A Word About Costume Deadlines & Shop Workload

Costume deadlines are a complex combination of design and pre-planning steps so that resources can be adequately allocated to your project, organizational steps completed so the shop can work on your show, initial and final financial reports, construction deadlines designed to move your project smoothly toward dress rehearsals, and wardrobe and technical needs.

The Design faculty creates design progress deadlines so that students may have adequate time to design their shows, and so that information is gathered and approved in time for production shop schedules.   The costume shop manager creates in-shop production deadlines to accomplish two goals:  allocate adequate time and money to your project, and balance your work weeks with other shows that may be in the shop at the same time.

Shop Workload and Scheduling

In professional practice it is common for shops to work on overlapping projects.  The skills you learn here at UCI will serve you well when you find your show double or triple booked in a professional shop.  It is smart to maximize the time a shop can work on your project by sending items to outside vendors early, coordinating early construction steps such as fabric dying, using labor time well, and eliminating waste or waiting.

You must stay one step ahead of the shop as it works, so no work comes to a screeching halt.  Anticipating shop needs is one way to stay ahead of the curve.  Another important skill is constant communication.  If something in your show will take longer than usual or arrive later than anticipated, let the shop manager, shop foreman, draper and crafts person know of the extenuating circumstances.  Make a new plan together to handle the ever- shifting elements of a show in progress.

In a profession ruled by public deadlines, such as ours, it is easy to become overwhelmed and frustrated.  You may think a costume shop is not working on your show as much as they should.  One industrial researcher found that every resident work unit can spend as much as 15-20% of its time on routine duties you can’t easily see or assess.  This time–as much as 8 hours per week—is used for tasks such as attending staff or department meetings, changing the water in the water cooler, picking up items at vendors, looking at supply catalogues to make an order, attending training workshops, doing research on how to accomplish new tasks (such as drafting a new pattern), making samples to see if a technique works, filling out forms for human resources, filing reports with their bosses justifying expenses, maintaining equipment or fiddling with finicky equipment, cleaning the work area, looking for something in storage, answering questions from people in other departments who have to know something right now, repairing an item in a current show onstage, or getting information on the phone.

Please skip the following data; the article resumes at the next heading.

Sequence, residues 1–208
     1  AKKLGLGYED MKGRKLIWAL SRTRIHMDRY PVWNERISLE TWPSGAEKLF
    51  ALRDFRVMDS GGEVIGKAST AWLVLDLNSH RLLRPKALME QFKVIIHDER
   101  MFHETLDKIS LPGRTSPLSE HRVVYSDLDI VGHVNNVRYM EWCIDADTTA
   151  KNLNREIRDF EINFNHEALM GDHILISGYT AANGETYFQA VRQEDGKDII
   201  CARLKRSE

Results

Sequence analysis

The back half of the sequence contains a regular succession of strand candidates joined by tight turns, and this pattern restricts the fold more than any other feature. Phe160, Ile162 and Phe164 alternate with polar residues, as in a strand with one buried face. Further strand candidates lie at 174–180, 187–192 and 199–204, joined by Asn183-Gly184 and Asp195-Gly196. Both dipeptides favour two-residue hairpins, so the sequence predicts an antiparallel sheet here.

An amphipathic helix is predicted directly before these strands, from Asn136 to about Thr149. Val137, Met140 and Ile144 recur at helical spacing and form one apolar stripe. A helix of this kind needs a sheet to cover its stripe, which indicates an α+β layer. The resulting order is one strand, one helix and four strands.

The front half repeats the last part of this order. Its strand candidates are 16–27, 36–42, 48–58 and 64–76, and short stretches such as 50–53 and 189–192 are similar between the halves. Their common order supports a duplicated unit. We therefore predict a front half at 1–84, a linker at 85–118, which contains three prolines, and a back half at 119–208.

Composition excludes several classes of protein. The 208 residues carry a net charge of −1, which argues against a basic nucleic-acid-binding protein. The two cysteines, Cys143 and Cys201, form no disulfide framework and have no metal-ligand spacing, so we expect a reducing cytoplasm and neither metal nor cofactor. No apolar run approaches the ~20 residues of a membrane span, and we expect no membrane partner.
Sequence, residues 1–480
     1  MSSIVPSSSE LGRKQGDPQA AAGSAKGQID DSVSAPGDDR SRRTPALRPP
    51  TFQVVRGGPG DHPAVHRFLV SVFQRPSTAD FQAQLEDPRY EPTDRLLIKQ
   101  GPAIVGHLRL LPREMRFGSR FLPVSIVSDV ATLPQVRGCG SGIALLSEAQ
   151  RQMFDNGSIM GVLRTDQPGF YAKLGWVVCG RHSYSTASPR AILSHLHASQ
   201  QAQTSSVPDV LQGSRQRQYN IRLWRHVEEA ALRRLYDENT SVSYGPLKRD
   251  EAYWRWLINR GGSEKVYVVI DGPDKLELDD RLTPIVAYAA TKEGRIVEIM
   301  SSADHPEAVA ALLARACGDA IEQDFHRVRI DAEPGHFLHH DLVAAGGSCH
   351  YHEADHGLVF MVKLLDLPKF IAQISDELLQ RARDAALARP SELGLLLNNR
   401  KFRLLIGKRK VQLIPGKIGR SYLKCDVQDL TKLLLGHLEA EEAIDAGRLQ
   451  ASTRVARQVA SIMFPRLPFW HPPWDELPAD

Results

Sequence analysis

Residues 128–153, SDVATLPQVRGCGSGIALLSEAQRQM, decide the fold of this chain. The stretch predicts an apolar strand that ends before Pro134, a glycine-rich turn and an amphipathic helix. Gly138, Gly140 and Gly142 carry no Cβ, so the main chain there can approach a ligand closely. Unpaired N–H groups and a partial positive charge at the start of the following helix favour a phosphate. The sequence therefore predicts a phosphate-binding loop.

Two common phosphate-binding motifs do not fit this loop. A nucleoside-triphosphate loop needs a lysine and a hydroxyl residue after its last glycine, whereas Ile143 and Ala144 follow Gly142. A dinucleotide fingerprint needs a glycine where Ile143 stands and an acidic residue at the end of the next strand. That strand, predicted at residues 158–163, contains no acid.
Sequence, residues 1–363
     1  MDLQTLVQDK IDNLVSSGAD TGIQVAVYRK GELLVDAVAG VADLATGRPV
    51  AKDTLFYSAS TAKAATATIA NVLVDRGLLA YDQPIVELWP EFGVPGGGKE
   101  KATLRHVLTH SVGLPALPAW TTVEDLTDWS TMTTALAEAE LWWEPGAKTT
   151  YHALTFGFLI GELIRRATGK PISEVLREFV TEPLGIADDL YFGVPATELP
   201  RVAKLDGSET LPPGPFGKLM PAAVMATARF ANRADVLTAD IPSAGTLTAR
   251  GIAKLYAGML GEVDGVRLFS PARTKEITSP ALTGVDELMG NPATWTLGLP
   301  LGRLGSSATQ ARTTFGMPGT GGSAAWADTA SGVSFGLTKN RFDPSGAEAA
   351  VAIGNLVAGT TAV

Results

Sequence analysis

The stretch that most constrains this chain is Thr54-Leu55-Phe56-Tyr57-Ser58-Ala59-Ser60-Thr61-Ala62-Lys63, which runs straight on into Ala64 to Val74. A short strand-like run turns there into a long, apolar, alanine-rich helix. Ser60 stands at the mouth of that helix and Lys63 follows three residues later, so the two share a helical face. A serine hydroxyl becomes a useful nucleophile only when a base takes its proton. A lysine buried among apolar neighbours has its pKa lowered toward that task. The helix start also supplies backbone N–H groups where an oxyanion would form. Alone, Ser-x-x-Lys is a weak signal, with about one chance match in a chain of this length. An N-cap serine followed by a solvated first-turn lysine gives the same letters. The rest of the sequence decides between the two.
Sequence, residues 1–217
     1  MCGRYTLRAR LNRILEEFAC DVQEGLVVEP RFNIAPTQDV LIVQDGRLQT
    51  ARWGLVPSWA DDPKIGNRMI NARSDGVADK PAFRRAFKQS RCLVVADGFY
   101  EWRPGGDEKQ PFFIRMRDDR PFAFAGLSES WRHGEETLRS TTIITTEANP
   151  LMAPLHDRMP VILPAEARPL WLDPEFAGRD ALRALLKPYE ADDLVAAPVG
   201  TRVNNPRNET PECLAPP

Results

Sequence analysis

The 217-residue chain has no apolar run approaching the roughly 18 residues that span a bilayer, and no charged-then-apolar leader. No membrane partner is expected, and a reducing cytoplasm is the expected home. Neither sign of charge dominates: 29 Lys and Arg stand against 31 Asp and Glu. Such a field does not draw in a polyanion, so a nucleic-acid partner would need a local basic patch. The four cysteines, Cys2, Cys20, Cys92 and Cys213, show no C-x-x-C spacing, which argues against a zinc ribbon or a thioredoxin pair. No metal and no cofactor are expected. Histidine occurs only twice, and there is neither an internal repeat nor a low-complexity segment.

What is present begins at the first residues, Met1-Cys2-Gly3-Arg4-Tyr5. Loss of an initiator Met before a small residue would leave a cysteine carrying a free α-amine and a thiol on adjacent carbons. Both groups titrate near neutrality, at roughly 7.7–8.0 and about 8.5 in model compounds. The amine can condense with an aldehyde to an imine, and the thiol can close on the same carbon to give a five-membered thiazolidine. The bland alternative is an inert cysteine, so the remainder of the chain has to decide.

Add to these hidden tasks an overlap of shows, and it’s easy to see a shop can soon be torn in several directions at once.  The best approach for a designer is constant surveillance of your work load at all times.  If you have concerns or you fear the work speed isn’t sufficient to finish your show, talk confidentially to the shop manager or faculty mentor.

As a designer you will work with a number of different shops, and you must learn to quickly assess each shop’s strengths and weaknesses.  If you are working with an inexperienced, disorganized or severely understaffed shop, you may have to alter your expectations or find creative ways to accomplish your goals without compromising your show.  Remember, no one loves your show as much as you do.

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